|Dimensions||490 cm (192 in × There is no certain width in)|
|Owner||Maryland Stadium Authority|
Although he became famous as a New York Yankee, George Herman Ruth's roots are in Baltimore, where he was born, grew up, and learned how to play baseball. Babe's Dream portrays Ruth as a young man, about the time he started out as a rookie, as Luery wanted to portray Babe's longing for the big leagues and to find an escape from his harsh childhood.
Ruth was born on February 6, 1895, to hardworking parents who couldn't support a child that caused as much “mischief” as Babe. At age seven, his parents decided to “straighten him out” by sending him to Baltimore's St. Mary's Industrial School for Boys, where he could learn how to have more discipline. This turned out to be the beginning of the star's true love for the game of baseball.
Babe Ruth is a legend in the world of baseball. He played baseball for 22 years, setting the records for career home runs at 714 and holding that record until 1974 when Hank Aaron surpassed it. Ruth is credited with changing the game of baseball in America, and his hometown wanted to present his accomplishments by dedicating a statue to him and his legend.
Luery portrayed Ruth as a fierce competitor as he is gazing out into the future. “A man looking at his destiny,” is how Susan Luery put it. “His poise was in the sense of determination that he was a great player,” she said. “He’s facing out – he had everything in front of him. Ruth’s career rose pretty much straight into the record books from there.”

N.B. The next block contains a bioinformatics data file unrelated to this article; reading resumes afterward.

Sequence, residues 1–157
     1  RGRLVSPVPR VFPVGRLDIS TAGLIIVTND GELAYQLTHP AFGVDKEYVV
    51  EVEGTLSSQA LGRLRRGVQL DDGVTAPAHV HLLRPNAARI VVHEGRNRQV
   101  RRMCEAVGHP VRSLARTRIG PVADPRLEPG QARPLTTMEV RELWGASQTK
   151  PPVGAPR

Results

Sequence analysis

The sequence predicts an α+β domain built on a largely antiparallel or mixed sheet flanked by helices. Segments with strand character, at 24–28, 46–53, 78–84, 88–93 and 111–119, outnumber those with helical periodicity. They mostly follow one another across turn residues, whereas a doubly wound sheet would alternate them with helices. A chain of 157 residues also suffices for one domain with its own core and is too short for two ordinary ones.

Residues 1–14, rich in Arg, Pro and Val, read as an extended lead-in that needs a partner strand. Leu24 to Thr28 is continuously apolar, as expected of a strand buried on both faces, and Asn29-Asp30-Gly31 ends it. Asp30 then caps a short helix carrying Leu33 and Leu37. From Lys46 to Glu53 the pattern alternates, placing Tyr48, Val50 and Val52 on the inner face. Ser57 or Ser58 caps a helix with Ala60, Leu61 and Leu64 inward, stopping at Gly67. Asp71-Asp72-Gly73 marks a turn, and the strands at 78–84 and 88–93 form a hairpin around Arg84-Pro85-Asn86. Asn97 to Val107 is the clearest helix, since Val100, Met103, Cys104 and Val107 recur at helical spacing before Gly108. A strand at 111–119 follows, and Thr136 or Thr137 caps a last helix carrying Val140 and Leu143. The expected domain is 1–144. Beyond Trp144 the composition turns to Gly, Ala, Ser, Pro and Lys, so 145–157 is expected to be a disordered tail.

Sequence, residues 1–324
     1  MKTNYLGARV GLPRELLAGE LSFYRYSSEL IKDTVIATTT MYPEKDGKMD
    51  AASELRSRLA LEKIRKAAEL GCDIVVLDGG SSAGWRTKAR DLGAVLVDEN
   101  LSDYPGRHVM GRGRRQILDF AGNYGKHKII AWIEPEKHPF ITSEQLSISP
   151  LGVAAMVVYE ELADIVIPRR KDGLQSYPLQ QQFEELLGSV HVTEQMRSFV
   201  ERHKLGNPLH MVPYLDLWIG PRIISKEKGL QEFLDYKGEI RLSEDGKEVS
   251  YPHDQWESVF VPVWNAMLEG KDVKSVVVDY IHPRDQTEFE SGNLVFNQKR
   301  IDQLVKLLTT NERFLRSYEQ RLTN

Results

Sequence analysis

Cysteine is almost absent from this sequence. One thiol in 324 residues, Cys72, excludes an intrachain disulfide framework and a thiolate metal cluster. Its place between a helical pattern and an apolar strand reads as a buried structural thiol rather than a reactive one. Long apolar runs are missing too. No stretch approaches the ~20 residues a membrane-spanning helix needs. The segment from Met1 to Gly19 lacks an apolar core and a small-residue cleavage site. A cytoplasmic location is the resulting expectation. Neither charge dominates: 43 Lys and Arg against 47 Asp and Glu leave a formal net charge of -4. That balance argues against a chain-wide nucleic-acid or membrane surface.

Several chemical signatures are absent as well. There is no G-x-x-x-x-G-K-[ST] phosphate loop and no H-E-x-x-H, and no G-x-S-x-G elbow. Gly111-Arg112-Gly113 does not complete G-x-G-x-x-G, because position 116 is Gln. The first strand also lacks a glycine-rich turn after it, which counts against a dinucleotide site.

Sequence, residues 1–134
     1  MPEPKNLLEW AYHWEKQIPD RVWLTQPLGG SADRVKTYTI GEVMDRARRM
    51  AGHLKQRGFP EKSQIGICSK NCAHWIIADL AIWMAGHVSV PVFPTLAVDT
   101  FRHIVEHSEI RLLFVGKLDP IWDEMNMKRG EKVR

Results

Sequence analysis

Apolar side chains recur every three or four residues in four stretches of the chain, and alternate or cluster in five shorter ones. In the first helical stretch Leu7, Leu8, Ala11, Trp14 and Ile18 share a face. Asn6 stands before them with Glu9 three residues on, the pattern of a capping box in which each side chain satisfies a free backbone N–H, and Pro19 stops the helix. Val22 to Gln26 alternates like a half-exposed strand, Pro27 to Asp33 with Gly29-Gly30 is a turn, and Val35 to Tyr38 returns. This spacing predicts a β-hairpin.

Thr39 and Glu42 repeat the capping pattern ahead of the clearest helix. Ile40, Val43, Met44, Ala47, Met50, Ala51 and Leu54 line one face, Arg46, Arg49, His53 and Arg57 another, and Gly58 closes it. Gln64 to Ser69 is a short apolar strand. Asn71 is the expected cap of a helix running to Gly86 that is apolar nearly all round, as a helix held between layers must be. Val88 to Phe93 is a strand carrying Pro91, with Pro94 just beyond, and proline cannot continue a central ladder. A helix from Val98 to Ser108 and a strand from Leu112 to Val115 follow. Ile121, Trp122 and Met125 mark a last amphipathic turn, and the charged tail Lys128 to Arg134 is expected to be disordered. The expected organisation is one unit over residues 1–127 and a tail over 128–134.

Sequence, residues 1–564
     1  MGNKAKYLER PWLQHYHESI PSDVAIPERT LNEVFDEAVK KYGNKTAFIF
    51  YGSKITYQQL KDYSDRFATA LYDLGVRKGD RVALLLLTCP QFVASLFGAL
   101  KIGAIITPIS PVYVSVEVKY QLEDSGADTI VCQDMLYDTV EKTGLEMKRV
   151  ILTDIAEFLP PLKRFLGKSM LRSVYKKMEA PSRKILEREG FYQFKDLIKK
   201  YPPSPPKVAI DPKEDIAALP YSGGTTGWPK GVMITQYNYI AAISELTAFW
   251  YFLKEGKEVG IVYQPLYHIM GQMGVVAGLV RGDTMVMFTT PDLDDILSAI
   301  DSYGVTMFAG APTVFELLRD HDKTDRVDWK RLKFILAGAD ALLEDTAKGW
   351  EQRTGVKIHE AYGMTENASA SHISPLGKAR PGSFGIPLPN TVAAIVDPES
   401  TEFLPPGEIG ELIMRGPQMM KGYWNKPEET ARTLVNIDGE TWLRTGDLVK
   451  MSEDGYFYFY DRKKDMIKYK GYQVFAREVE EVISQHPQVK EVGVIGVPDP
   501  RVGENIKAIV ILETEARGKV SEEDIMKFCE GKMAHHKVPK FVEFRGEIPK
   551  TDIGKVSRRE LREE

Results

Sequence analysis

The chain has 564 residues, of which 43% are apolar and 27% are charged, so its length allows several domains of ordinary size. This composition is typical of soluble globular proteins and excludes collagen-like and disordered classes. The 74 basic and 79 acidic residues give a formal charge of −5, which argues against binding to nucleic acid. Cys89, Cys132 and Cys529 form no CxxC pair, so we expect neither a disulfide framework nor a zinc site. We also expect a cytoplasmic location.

Susan Luery was born in Baltimore, Maryland, and attended the Maryland Institute College of Art where she learned to refine her work. Luery researched Ruth by reading books and talking to people with both knowledge of Ruth and baseball so she could “connect” with the subject. She also had a look-alike model come to her studio while she worked on the statue. It took her seven months to form the 28-inch model statue before creating the large-scale version.
She produced the 16-foot statue a year later, in 1994, and it was placed in the Camden Yards on Babe Ruth's 100th birthday in February 1995. The statue was officially unveiled at an Orioles game where Luery and Ruth's daughter, Julia Ruth Stevens, threw out the game ball in celebration.
- "Babe's Dream, (sculpture)". Art Inventories Catalog. Smithsonian American Art Museum. 1992. Retrieved September 13, 2011.
- Jon Morgan (June 12, 1995). "The Wrong Glove on the Right Man". Baltimore Sun. Retrieved March 28, 2012.
- "Babe Ruth". Baseball-Reference.com. Retrieved March 28, 2012.